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VietNamNews

Fact: Pavements belong to pedestrians

Update: March, 19/2017 - 09:00
Illustration by Trịnh Lập
Viet Nam News

By Thu Ngân

“What is the hottest news these days?”

Ask the residents of HCM City this question, and I am sure 99 per cent will point to authorities’ decision to clear all pavements of encroachments.

In my five years in the city I have never seen any action have such an impact as this.

Over the past fortnight district authorities have worked hard to free up pavements to return them to whom they belong – pedestrians — as well as improve the city’s beauty.

Nguyễn Thành Phong, chairman of the People’s Committee, has promised the task will be carried out in all 24 districts to create a “civilised and modern” city with high living standards.

District 1, whose stated aim is to transform the heart of city into a "little Singapore," has been the leader in the pavement clearance.

Its leaders have personally gone around to oversee the task. They have thrown the book at the owners of luxury cars that were illegally parked there and dismantled many illegal hoardings.

On March 1st they gave notice to restaurants and shops that they have 10 days to clean up and move their businesses out of pavements.

This tough action around the city has shocked vendors and many foreign tourists who love the unique pavement culture they find on Tây streets (where foreigners flocks to the many bars and shops) like Bùi Viện.

Many vendors on these streets are devastated by the authorities’ decision.

Mỹ Dung, who has sold hủ tiếu (rice noodle) for 20 years on Bùi Viện Street, is in tears saying her family survives on her income and she does not know how she will feed them if she is not allowed to sell on the pavement.

Other pavement businesses like coffee shops lament that customers will no longer patronise them if they are not allowed to sit on the pavement.

Visitors to the city are not too impressed by the campaign.

An Australian tourist told news.zing.vn that he came to Việt Nam for several things.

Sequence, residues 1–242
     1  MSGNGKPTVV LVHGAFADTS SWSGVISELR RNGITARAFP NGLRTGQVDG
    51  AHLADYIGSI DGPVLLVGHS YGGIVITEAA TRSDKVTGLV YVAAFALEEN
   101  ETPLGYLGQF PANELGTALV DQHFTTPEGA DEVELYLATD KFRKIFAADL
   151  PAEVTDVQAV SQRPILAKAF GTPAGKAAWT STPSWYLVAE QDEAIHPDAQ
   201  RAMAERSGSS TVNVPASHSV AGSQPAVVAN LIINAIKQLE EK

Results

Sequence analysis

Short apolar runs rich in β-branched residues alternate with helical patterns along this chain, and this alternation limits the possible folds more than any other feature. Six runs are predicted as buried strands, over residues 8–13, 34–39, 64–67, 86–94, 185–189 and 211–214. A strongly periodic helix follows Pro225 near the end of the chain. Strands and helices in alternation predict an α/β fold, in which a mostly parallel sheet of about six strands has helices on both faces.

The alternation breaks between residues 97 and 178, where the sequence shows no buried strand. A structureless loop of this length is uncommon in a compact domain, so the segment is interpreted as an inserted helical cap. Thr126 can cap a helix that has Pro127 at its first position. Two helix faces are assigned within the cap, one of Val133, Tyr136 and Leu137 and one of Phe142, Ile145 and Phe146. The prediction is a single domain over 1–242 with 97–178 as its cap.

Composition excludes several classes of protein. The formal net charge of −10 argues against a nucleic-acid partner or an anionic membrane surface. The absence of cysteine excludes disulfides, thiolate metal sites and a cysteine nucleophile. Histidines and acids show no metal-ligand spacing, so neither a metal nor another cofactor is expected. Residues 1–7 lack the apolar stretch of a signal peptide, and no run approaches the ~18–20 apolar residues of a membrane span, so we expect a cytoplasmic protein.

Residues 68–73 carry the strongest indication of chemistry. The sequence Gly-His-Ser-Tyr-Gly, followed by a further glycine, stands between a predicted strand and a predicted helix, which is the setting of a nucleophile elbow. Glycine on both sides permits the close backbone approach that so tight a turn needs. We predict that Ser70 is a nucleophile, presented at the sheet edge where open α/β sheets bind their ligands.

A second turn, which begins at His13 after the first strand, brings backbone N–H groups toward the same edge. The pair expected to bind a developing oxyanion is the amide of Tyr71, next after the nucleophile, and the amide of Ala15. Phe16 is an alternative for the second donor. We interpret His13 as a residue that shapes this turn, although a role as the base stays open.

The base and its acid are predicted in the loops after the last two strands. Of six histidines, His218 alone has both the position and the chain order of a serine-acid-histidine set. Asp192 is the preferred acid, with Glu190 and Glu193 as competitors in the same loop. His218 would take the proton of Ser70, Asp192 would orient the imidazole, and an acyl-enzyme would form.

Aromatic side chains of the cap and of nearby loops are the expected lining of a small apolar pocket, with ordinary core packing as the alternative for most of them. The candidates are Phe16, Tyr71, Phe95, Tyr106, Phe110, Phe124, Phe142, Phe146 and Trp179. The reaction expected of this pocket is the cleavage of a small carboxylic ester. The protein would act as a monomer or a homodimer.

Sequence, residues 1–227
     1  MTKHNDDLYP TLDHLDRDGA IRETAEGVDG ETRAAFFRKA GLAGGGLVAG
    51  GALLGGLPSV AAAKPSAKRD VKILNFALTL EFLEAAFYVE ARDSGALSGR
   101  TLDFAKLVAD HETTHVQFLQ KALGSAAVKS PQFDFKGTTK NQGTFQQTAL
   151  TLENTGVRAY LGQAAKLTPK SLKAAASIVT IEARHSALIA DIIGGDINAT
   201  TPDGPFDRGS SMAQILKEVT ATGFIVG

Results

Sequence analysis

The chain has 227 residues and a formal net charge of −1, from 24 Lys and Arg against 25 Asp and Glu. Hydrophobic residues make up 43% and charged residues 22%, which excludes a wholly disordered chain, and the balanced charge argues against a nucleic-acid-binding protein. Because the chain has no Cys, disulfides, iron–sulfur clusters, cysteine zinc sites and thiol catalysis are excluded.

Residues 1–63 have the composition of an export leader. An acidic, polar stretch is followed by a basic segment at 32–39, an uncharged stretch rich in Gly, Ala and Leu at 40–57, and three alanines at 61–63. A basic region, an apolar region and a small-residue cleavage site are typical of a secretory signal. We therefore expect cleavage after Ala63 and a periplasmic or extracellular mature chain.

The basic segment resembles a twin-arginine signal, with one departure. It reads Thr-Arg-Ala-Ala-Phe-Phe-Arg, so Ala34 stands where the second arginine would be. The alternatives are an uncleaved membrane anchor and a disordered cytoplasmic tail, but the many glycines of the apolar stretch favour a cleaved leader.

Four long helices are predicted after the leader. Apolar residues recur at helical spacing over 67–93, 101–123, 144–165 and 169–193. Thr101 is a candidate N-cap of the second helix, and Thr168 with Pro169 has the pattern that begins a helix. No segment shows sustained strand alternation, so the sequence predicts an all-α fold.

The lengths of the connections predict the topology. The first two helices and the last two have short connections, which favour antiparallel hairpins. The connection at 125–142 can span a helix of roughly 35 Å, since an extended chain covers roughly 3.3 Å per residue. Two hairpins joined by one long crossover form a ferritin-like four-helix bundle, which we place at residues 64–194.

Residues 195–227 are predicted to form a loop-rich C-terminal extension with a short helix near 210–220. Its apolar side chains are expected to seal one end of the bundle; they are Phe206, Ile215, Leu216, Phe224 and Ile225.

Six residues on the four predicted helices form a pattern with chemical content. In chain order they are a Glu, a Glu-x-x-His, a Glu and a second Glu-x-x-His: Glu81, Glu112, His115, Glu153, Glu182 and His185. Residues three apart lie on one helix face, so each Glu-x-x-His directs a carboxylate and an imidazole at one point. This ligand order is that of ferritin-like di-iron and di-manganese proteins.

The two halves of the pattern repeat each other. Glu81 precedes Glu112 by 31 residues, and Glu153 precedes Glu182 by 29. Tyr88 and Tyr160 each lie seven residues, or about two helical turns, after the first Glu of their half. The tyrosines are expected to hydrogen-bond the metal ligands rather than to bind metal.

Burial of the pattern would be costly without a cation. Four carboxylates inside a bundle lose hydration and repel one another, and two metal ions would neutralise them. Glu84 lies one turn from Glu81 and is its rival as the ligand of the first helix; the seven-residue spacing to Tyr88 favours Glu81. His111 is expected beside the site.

“Sitting outside, eating outside, eating street food: If that is lost, Sài Gòn looks like anywhere else.”

I myself love street food and eating on Vietnamese streets is an awesome experience.

It is an amazing feeling sitting on a pavement and enjoying traditional foods at noon when we have a one- or two-hour break from work.

The delightful feeling of eating bún đậu mắm tôm (rice vermicelli cakes and shrimp sauce) or miến cua (crab noodle) at noon in autumn, I am sure, cannot be found anywhere else in the world except Việt Nam.

But this is not to say I disagree with what the authorities are trying to do: In fact, I wholeheartedly approve.

Seeing what is happening on TV and newspapers makes me very happy for it is a clear sign that the city is trying to catch up with modern cities around the world.

I am sure most Vietnamese wonder at least occasionally why their cities, in this case HCM City, cannot be modern and beautiful like cities even in their own region.

But how can a city be beautiful when its streets are littered with rubbish discarded by vendors and their customers? How can a city be modern and safe when pedestrians have to share the carriageway with motorbikes and cars because pavements are occupied by street vendors and households?

Equally importantly, how can a city be called modern when food hygiene is compromised because vendors are mushrooming everywhere?

Văn Quốc, a HCM City reader of news.zing.vn, wrote to say that if livelihoods are taken as an excuse not to tidy up pavements, they – the pavements — cannot be used by pedestrians for the next 10 or 20 years.

Things need to be changed so that the city can be made more “civilised,” and while many people would face difficulties, they would have to accept and find a way to change, he said.

Many people consider pavement vendors a unique cultural feature of the city. Sure they have been around for at least a few decades and become part of the scenery.

Getting rid of pavement stalls might even give rise to a new culture: eating bún đậu mắm tôm or a bowl of phở in a small shop in a small lane or even on a flower-filled balcony.

From there you can still admire and enjoy a slice of HCM City.

In fact, it may already be happening. Many people have opened food and beverage shops in small apartments in old buildings, and these are attracting lots of customers besides becoming trendy among young people.

The city authorities have been talking about clearing pavements for a long time, but always baulked when it came to action because they sympathised with the vendors.

But it looks like it is finally going to happen. More power to them!

But I am sure they have alternative plans for the affected vendors, and might create walking-only streets to sustain this slice of HCM City culture.

I liked what one official said: “We should not stop with just discussing. Do it!”

Yes, it is indeed time to act.

If one were to be candid, the hawkers are not being deprived of anything rightful, and they are merely returning what never belonged to them in the first place. VNS

 

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